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The Influence of Teacher and Peer Relationships on Students' Classroom Engagement and Everyday Motivational Resilience


by Carrie J. Furrer, Ellen A. Skinner & Jennifer R. Pitzer — 2014

The quality of students’ relationships with teachers and peers is a fundamental substrate for the development of academic engagement and achievement. This chapter offers teachers and researchers a motivational framework that explains how positive and negative student–teacher and student–peer relationships are sustained in the classroom, and strategies for creating solutions to improve relationships.


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This article originally appeared as NSSE Yearbook Vol 113, No. 1.


Cite This Article as: Teachers College Record Volume 116 Number 13, 2014, p. 101-123
http://www.tcrecord.org ID Number: 18313, Date Accessed: 5/29/2017 11:10:03 AM

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About the Author
  • Carrie Furrer
    Portland State University
    E-mail Author
    CARRIE FURRER is a senior research associate at the Center for Improvement of Child and Family Services in the Graduate School of Social Work at Portland State University. Her research interests include the influence of peer groups on students’ academic motivation, especially during the transition to high school; youth development programs that promote academic motivation and achievement; early childhood education and intervention; and family support. She specializes in program evaluation, research methods and quantitative data analysis. Recent publications: Furrer, C. J. (2010). Capturing the friendship group context: Friendship group engagement vs. disaffection. Journal of Adolescence, 33, 853–867; and Skinner, E. A., Kindermann, T. A., & Furrer, C. J. (2009). A motivational perspective on engagement and disaffection: Conceptualization and assessment of children’s behavioral and emotional participation in academic activities in the classroom. Educational & Psychological Measurement, 69, 493–525.
  • Ellen Skinner
    Portland State University
    E-mail Author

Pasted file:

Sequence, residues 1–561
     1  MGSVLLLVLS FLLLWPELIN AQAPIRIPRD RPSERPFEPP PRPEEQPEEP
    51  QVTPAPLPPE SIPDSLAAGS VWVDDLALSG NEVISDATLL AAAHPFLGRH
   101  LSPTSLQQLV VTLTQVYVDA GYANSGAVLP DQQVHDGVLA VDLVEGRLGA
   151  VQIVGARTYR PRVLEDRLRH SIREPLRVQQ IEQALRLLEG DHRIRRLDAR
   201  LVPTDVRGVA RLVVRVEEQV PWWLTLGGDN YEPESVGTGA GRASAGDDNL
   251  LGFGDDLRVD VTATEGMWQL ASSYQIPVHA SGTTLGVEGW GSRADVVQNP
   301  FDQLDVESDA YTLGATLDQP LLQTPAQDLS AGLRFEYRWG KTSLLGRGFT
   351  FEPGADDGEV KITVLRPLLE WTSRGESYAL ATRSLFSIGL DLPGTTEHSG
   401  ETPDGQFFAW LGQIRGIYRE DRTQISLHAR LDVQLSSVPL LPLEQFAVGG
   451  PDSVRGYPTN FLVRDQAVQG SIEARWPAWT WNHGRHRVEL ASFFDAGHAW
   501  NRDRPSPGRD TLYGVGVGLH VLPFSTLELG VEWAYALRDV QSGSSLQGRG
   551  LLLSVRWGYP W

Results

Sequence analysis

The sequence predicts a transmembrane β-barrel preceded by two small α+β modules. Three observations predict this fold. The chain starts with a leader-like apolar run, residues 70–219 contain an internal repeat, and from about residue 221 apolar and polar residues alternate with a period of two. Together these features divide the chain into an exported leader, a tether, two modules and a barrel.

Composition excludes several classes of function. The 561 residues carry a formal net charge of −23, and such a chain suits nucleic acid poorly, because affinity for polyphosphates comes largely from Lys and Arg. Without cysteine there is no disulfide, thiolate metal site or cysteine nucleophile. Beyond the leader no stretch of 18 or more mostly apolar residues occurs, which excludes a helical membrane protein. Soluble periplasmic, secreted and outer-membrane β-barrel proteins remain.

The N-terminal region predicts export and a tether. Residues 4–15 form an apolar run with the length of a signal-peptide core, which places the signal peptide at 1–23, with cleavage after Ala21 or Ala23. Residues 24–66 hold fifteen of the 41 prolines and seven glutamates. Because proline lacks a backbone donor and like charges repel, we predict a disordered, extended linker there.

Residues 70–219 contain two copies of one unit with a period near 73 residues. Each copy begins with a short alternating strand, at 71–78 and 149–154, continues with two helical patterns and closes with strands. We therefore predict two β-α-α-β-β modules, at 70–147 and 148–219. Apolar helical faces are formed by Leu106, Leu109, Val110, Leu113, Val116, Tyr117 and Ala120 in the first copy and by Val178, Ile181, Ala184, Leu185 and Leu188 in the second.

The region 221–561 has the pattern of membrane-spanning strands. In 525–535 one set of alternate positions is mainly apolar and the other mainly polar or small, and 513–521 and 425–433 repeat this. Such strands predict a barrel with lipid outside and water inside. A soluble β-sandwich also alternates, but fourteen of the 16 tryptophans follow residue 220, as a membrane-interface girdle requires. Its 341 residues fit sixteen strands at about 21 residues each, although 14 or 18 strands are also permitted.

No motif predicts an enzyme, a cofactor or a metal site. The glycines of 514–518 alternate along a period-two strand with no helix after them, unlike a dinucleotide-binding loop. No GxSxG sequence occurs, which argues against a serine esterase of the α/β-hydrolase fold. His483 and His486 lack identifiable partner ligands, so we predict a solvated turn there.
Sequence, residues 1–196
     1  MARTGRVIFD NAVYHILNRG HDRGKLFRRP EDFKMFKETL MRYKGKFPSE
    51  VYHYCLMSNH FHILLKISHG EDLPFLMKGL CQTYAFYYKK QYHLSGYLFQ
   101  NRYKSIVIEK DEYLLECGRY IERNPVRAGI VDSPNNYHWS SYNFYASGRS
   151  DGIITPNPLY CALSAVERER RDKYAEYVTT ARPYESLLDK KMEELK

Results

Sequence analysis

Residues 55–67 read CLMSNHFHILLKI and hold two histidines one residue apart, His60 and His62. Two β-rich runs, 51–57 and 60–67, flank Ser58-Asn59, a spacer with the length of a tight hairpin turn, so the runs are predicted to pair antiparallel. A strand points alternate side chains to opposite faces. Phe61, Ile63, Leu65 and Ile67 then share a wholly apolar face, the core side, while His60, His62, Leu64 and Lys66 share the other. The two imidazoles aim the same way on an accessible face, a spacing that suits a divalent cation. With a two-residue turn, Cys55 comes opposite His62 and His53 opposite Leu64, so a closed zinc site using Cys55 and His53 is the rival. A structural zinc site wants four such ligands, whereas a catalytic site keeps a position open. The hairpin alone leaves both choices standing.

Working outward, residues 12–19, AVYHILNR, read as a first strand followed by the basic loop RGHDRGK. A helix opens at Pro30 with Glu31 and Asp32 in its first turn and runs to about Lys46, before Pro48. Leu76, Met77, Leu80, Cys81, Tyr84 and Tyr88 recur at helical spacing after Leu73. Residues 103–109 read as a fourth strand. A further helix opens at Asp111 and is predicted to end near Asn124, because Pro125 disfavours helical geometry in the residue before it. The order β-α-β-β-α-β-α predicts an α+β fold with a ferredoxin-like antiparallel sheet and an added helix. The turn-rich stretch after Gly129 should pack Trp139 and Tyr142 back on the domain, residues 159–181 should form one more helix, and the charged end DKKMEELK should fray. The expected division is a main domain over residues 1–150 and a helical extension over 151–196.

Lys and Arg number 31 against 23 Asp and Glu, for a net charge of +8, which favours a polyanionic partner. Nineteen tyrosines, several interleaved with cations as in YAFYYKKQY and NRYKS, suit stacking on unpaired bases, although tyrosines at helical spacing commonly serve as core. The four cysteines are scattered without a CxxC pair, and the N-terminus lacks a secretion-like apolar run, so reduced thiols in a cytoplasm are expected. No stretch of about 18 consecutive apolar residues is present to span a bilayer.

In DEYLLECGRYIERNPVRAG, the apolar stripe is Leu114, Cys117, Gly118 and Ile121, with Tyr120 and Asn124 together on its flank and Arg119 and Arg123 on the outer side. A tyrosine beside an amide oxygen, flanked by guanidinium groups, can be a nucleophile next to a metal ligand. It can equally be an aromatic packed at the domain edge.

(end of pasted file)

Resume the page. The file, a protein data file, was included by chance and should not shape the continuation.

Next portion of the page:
ELLEN SKINNER is a professor of developmental science and education in the psychology department at Portland State University. Her research interests focus on the development of children’s motivation, coping, and academic identity in school. She is especially interested in how to promote students’ engagement and motivational resilience as antidotes to the steady losses in motivation that start when children enter school and are especially serious over transitions, like to middle and high school. Her team is focusing on two ingredients that shape motivational resilience: (1) close relationships with teachers, parents, and peers, and (2) academic work that is authentic and intrinsically motivating. Recent publications: Skinner, E. A., Chi, U., & the Learning-Gardens Educational Assessment Group. (2012). Intrinsic motivation and engagement as “active ingredients” in garden-based education: Examining models and measures derived from self-determination theory. Journal of Environmental Education, 43,16–36; and Zimmer-Gembeck, M. J., & Skinner, E. A. (2011). The development of coping across childhood and adolescence: An integrative review and critique of research. International Journal of Behavioral Development, 35, 1–17.
  • Jennifer Pitzer
    Portland State University
    E-mail Author
    Jennifer Pitzer is a graduate student in the Department of Psychology at Portland State University. Her research interests include the influence of teacher support (i.e., warmth, structure, and autonomy support) on the development of students’ motivational resilience, particularly over the transition to middle school. Recent publications: Skinner, E. A., & Pitzer, J. (2012). Developmental dynamics of engagement, coping, and everyday resilience. In S. Christenson, A. Reschly, & C. Wylie (Eds.), Handbook of Research on Student Engagement (pp. 21–45). New York, NY: Springer Science.
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